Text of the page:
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Bufo Variations

Steven Feld’s paper, “Acoustemologies as Relational Ontologies,” placed at its center a musical collaboration Feld had done in 2006-08 with Ghanaian multi-instrumentalist Nii Otoo Annan, entitled Bufo Variations, a composition that brought dialogic ethnomusicology (in which the anthropologist collaborates musically or sonically with interlocutors) into juxtaposition with multispecies ethnography (Annan and Feld worked with sounds made by Bufo regularis toads in Accra): http://www.voxlox.net/node/62

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Wayne Marshall’s “Taximan” with sign language interpretation

Ethnomusicologist Wayne Marshall provided commentary at The Elusive session on October 22nd. As part of his presentation, he played one of his own musical compositions, entitled “Taximan.” The playback was interpreted through SEI sign language representing the beats, sounds, and evocations of Marshall’s music:

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Schwartz and Feld Q & A

Video clip of Q&A with Hillel Schwartz and Steven Feld at The Elusive session on October 22nd:

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Hillel Schwartz’s “Octahedral Audibles” chart

For anyone not present at Hillel Schwartz’s talk at The Elusive session on October 22nd, a PDF of his “Octahedral Audibles” chart — to which he invites us to add, subtract, multiply — can be found here.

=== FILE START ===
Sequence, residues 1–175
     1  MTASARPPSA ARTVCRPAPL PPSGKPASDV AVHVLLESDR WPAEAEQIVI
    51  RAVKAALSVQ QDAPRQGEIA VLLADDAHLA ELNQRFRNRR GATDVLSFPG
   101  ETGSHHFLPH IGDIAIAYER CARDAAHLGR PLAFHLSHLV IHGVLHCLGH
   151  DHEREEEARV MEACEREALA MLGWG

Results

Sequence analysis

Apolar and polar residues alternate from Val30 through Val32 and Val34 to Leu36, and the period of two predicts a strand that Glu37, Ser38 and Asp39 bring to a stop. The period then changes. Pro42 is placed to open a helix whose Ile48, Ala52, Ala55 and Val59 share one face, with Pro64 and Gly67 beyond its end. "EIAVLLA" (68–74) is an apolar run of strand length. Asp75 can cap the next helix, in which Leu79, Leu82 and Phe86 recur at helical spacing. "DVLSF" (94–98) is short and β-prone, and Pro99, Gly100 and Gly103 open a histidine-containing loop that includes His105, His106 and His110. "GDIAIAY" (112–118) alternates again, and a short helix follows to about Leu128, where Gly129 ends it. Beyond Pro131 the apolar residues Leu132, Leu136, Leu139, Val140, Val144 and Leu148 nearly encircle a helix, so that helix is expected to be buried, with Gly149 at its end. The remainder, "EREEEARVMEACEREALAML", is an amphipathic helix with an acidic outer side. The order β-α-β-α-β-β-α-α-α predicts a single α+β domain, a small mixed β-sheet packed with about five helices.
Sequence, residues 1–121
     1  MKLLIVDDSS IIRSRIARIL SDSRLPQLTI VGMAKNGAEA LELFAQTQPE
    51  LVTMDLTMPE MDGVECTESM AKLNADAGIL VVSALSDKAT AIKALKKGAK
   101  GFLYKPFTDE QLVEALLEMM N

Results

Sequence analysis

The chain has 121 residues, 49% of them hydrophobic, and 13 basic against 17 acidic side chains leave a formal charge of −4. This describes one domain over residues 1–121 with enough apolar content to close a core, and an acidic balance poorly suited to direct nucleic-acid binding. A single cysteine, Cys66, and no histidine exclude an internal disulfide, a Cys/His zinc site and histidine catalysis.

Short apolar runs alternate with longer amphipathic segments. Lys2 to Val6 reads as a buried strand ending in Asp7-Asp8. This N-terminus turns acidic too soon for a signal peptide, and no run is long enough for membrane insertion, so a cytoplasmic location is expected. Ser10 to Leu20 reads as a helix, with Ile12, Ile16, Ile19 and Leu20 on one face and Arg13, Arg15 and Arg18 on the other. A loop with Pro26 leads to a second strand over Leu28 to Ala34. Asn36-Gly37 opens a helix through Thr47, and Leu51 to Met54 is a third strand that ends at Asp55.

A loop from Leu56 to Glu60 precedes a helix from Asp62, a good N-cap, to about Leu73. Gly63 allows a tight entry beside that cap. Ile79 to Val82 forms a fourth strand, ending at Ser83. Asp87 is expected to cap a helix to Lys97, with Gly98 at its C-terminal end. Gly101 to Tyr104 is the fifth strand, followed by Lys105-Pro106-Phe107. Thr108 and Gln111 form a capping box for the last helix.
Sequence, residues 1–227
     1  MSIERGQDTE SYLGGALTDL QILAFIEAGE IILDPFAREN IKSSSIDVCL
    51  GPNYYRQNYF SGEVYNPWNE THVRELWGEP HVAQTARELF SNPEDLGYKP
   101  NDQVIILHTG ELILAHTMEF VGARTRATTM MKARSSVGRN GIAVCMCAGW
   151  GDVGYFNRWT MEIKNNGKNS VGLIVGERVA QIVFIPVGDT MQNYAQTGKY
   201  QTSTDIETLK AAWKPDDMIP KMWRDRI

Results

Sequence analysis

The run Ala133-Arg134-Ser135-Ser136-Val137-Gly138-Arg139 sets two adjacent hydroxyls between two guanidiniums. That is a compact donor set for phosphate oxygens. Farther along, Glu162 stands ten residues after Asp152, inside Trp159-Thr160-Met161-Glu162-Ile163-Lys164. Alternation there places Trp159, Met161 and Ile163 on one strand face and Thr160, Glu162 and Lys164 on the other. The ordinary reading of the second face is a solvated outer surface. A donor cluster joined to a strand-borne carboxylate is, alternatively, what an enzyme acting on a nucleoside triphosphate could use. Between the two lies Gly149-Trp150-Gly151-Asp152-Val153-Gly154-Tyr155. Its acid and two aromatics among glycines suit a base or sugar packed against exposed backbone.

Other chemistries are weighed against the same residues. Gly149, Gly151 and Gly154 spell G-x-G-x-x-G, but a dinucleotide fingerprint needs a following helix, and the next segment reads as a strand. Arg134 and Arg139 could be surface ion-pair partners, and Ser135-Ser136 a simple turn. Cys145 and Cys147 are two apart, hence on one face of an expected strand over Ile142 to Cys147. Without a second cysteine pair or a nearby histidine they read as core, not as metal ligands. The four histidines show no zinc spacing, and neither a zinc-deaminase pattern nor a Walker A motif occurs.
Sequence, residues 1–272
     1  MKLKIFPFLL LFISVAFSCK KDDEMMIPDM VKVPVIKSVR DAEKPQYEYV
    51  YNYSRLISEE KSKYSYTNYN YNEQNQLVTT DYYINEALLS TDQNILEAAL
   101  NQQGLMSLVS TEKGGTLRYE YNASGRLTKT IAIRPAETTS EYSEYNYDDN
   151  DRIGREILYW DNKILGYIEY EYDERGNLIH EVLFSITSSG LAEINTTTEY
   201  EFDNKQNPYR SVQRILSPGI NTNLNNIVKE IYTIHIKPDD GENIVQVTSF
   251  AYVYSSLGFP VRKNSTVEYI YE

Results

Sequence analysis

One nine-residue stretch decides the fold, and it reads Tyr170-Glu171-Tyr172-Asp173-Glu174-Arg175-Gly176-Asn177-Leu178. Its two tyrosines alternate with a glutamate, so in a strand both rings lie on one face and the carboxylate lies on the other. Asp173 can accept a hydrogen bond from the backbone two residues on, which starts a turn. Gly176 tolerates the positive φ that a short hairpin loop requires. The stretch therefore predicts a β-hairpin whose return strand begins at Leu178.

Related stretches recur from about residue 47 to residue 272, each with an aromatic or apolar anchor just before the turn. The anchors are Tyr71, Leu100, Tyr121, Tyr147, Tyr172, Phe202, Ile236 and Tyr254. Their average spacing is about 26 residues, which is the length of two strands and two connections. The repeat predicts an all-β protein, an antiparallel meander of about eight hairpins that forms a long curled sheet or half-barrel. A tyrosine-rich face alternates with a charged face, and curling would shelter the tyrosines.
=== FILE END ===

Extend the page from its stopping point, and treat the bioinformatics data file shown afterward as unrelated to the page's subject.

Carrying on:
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Sensing the Unheard

Hillel Schwartz, in his October 22 paper about sounds ineffable and inexpressible in the church of Atotinilco in Mexico, playfully asked us to imagine “a taxonomy of sounds all around but not quite there.”  He suggested that we think about listening “octophonically”  — to sounds elusive, elusory, obscure, esoteric, delusive, allusive, aporic, and fantastic — and, to help us with this task, offered a chart printed out on “a sheet meant to be folded into a 3-orthoplex cross polytope.”  Folding the sheet into an octahedron — as in fact one audience member did, gifting the result to Schwartz — would put these eight categories into tighter adjacency than the 2D chart. The baroque character of the representation called attention to the epistemological origami sometimes needed to render representable that which is considered as operating just beyond apprehension. Simultaneously a parody of the simple attempt to count senses (see post of September 17) as well as a serious demonstration of the power of words actually to reach the putatively inexpressible, the chart should make scholars in sound studies think newly about what they hear and do not hear.

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